Atlantic Avenue Pavilion, Point Pleasant
Originally a seashore playground for the Leni Lanape Indians, settlers arrived to Point Pleasant during the 1700’s. Fishermen and farmers by trade, many owned hundreds of acres of land. Summer tourism began in the early 1800’s, when Thomas Cook, Jr. opened his farmhouse on the site of the current Antrim Elementary School to boarders. Captain John Arnold did the most to establish Point Pleasant Beach as a destination for visitors in the 1870’s, when he retired from a career at sea and bought land. In 1870, he built a roadway to the ocean, now known as Arnold Avenue. In 1875, he was instrumental in building the first bridge over the Manasquan River to Brielle. Later, he convinced the Central Jersey Railroad to extend its service to Point Pleasant Beach by giving it right-of-way, land for a depot, and about $6,000 cash. On July 3, 1880, the first passenger train rolled into Point Pleasant Beach. The first beachfront pavilion was constructed on Atlantic Avenue in 1880. Ten years later, the first boardwalk was built—a flimsy, portable structure. This painting was created for the town's Centennial celebration in 1986. Note the artist has included a mermaid, and Murphy hiding on top of the bower house.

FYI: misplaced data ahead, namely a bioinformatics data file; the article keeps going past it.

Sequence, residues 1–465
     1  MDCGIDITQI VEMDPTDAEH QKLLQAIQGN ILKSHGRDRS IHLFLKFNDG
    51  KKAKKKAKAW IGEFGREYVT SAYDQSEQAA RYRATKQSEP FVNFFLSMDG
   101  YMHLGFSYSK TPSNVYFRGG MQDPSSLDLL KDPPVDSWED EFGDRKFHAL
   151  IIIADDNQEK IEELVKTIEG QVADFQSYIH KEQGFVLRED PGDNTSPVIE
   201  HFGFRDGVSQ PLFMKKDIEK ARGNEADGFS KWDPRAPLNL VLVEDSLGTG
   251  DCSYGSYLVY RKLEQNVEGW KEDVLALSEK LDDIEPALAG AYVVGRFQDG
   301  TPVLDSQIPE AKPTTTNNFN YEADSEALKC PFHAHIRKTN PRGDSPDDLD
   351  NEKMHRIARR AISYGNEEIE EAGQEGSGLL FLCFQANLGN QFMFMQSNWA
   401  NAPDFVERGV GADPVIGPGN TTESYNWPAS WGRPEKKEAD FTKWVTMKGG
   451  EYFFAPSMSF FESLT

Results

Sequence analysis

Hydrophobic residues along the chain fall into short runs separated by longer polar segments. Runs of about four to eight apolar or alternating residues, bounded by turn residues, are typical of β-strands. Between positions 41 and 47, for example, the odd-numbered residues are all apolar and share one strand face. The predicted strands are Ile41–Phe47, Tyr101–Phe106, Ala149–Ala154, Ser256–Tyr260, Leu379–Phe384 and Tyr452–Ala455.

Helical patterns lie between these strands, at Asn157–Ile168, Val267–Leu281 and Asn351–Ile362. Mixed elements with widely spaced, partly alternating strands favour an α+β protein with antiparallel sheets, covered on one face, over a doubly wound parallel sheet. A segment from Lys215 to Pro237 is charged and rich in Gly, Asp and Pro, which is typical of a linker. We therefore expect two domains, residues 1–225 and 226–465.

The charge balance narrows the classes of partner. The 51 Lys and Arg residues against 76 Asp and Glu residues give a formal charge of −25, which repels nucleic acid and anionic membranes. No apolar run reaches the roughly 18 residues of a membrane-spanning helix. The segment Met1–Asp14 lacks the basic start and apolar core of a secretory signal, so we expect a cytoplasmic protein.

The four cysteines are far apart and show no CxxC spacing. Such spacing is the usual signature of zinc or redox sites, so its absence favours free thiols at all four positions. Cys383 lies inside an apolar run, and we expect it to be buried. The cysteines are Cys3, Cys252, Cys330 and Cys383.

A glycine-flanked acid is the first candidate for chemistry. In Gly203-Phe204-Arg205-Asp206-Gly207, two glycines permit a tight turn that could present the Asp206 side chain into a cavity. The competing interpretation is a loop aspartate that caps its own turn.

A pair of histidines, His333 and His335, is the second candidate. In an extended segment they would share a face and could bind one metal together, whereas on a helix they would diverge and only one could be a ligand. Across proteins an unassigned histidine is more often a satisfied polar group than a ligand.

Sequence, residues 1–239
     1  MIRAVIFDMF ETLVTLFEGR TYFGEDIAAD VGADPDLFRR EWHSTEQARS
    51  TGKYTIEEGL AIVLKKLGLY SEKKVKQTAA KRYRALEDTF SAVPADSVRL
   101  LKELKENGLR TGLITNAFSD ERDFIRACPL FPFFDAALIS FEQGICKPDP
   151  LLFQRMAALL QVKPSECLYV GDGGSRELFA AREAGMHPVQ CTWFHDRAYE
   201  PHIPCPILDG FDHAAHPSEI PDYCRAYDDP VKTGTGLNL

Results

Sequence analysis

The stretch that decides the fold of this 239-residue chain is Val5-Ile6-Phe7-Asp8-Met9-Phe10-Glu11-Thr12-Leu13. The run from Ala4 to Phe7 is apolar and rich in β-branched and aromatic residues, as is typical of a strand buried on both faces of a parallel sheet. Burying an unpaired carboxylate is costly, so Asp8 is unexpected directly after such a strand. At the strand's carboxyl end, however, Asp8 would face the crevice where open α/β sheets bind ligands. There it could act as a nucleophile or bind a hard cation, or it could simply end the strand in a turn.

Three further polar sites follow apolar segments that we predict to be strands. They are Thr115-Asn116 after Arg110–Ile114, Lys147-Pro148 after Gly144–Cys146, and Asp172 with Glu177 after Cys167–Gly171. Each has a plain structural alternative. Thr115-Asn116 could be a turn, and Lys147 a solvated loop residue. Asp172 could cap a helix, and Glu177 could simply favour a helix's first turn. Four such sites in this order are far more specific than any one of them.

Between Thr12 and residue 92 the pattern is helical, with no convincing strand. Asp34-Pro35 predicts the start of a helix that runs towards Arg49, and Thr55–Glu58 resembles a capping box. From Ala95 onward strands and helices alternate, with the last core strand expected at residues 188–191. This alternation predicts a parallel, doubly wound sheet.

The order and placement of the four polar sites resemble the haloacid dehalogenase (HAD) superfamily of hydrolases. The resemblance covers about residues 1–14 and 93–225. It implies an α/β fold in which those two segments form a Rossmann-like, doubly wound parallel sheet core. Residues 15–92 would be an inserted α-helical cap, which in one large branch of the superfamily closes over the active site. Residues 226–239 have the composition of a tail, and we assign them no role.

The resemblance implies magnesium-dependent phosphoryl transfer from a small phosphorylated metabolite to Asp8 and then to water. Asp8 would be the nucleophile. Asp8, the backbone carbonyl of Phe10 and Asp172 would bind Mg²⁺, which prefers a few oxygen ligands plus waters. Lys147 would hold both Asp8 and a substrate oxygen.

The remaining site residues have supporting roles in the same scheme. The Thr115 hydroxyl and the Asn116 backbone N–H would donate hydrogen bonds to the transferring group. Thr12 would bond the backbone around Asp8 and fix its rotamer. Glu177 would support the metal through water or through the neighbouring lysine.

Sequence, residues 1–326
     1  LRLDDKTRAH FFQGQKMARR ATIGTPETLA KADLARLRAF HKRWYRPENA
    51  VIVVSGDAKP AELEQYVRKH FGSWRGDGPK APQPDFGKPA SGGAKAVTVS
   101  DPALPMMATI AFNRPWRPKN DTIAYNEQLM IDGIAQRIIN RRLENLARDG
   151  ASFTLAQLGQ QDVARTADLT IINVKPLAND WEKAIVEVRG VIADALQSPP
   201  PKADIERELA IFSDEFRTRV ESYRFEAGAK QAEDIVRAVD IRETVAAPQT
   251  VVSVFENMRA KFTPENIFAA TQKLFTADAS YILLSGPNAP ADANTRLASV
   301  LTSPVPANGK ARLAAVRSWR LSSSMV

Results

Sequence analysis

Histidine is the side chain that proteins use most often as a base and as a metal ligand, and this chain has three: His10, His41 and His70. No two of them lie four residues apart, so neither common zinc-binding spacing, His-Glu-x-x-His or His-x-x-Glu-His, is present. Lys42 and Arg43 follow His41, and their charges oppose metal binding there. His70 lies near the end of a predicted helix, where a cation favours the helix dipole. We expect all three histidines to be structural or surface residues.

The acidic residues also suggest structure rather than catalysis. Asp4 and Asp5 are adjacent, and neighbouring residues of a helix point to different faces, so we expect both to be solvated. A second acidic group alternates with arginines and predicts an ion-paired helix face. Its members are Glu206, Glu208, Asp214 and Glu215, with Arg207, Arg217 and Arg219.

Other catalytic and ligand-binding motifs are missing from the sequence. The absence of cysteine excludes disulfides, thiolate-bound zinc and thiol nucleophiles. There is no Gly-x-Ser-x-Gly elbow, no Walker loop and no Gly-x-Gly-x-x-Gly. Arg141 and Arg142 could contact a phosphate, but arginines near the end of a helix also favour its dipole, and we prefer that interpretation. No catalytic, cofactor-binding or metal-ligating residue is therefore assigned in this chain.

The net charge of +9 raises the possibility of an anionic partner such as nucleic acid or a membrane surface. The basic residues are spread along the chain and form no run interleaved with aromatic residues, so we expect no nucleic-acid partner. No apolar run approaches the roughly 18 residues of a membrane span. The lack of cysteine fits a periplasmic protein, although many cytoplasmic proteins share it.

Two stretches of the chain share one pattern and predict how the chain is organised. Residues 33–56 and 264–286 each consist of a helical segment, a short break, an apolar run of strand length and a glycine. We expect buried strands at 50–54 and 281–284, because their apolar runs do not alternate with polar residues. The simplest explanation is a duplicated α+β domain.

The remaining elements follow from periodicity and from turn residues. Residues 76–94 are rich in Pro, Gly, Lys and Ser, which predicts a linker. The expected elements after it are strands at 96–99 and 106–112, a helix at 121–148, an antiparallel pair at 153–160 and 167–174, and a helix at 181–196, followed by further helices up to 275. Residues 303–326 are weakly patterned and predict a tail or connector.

Out of print.